Marching band a study in multitasking

Members of the Hermiston High School marching band practice a performance routine on the baseball field on Tuesday.

Marching band takes as much athletic focus as it does musical skill, with students spending hours on the field, memorizing complicated footwork as they play, and competing against other schools.

Last weekend, the Hermiston High School marching band faced off against 22 other schools in the “Cavalcade of Bands” competition in Pasco, which featured schools from Oregon, Washington and Idaho. Hermiston finished 15th, and placed fourth in its division. Hermiston also received an award for “best brass and woodwinds” in their division.

“It was kind of exciting,” said Director Sean McClanahan. “It was the first time in a while that Hermiston has come home with an award. They’ve been working hard and made a lot of improvements in the last year or two.”

McClanahan said the band participates in three or four competitions a year, as well as local performances, such as Homecoming. He said the band has long competed with schools from other states, and was not affected by the district’s decision to start competing against Washington schools.

“It’s kind of its own thing,” he said.

Each year, the band picks a performance theme, which includes a dance routine. This year’s theme is “Wired: The Rise of Artificial Intelligence.”

They start preparing two weeks before school, putting in 12-hour days at band camp, before scaling back to two-hour nightly practices during the school year.

McClanahan has a staff of about nine working with him — including teachers from around the district, and coaches from the Columbians Drum and Bugle Corps, based in Pasco.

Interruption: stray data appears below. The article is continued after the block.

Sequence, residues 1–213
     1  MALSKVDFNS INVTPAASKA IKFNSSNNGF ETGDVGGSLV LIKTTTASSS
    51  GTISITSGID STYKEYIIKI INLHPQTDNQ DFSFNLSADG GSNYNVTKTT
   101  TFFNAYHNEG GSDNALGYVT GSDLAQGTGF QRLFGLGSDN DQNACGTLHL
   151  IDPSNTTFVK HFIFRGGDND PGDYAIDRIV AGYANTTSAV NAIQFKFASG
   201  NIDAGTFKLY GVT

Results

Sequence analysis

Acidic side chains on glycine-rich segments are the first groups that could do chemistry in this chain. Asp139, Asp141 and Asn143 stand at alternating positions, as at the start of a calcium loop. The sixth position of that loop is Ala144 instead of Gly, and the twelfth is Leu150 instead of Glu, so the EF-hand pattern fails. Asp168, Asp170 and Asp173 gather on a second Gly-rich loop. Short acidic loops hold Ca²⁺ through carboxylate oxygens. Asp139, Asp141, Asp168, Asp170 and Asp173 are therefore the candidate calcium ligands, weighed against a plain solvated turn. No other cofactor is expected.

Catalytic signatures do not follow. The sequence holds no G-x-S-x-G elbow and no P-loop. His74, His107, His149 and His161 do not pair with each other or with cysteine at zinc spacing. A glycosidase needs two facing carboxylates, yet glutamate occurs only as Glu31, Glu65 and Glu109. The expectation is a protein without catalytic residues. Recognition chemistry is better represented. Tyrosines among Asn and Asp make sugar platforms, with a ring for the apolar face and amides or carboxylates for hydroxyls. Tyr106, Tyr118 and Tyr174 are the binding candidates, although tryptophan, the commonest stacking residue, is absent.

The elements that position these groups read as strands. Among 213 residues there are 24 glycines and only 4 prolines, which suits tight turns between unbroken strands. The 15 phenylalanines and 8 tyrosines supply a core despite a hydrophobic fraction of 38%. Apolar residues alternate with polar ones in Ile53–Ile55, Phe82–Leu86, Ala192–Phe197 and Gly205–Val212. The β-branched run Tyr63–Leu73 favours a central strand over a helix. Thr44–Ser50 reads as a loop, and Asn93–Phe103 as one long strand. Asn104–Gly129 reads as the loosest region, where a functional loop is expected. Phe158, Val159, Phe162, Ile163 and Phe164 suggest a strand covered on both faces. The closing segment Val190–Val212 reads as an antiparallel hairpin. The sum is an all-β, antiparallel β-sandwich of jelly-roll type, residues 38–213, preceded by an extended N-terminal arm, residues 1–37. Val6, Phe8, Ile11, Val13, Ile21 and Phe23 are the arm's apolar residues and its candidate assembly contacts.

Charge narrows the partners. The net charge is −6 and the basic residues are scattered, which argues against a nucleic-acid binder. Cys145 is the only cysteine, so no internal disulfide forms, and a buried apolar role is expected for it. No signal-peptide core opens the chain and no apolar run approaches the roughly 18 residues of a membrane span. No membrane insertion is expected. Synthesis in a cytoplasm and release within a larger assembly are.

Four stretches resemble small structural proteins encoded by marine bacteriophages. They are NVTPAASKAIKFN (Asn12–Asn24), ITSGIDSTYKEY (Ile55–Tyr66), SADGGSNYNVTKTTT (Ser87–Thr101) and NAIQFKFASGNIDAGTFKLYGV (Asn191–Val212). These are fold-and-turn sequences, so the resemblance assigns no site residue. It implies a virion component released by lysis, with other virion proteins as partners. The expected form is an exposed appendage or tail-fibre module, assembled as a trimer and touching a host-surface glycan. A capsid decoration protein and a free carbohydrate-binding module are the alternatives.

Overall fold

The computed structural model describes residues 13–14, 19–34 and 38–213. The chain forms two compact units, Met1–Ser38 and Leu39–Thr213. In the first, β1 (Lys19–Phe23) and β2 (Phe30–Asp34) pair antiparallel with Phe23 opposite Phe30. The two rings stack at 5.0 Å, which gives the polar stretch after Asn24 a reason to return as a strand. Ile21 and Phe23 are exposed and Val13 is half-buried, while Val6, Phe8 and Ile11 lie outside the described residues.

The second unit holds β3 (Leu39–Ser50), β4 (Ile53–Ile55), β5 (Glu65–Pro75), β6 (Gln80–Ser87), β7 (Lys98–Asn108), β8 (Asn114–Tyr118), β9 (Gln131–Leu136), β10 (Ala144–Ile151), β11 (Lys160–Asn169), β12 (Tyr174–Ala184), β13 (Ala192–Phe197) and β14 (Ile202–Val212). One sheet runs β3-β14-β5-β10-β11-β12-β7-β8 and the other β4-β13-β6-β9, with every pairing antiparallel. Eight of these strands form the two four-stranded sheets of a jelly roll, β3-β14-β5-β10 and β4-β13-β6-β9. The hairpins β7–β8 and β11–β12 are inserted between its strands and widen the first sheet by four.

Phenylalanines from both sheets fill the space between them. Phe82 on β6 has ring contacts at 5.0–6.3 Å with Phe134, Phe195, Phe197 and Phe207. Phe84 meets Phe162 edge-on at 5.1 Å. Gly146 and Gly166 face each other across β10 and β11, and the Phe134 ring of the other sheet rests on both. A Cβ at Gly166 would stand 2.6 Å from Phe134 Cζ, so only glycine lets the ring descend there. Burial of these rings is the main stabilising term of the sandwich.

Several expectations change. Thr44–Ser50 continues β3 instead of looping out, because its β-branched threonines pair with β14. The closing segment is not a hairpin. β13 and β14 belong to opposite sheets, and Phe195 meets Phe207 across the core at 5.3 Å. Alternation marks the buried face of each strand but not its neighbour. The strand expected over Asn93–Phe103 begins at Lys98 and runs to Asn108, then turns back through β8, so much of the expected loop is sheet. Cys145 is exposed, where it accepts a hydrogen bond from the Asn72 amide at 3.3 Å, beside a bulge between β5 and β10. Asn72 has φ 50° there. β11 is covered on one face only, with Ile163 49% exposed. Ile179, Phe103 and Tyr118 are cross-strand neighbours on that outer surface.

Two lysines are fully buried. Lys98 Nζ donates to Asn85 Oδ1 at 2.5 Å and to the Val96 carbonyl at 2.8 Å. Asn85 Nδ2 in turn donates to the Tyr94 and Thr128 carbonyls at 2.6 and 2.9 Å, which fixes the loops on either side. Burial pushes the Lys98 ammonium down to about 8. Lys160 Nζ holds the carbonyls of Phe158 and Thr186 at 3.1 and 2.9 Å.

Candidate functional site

Instructors from the Columbians help with choreography and visual design.

“They’ve definitely upped the level — it’s paying off,” said senior clarinet player Megan Baskins, who has been in marching band since she was a freshman.

Baskins said she, and most other marching band students, devote all their free time to music.

“When we’re not here, we’re working, trying to memorize music,” she said. “All of us love music, and we put in all this hard work to get to show others.”

Recommended for you

(0) comments

Welcome to the discussion.

Keep it Clean. Please avoid obscene, vulgar, lewd, racist or sexually-oriented language.
Don't Threaten. Threats of harming another person will not be tolerated.
Be Truthful. Don't knowingly lie about anyone or anything.
Be Nice. No racism, sexism or any sort of -ism that is degrading to another person.
Be Proactive. Use the 'Report' link on each comment to let us know of abusive posts.
Share with Us. We'd love to hear eyewitness accounts, the history behind an article.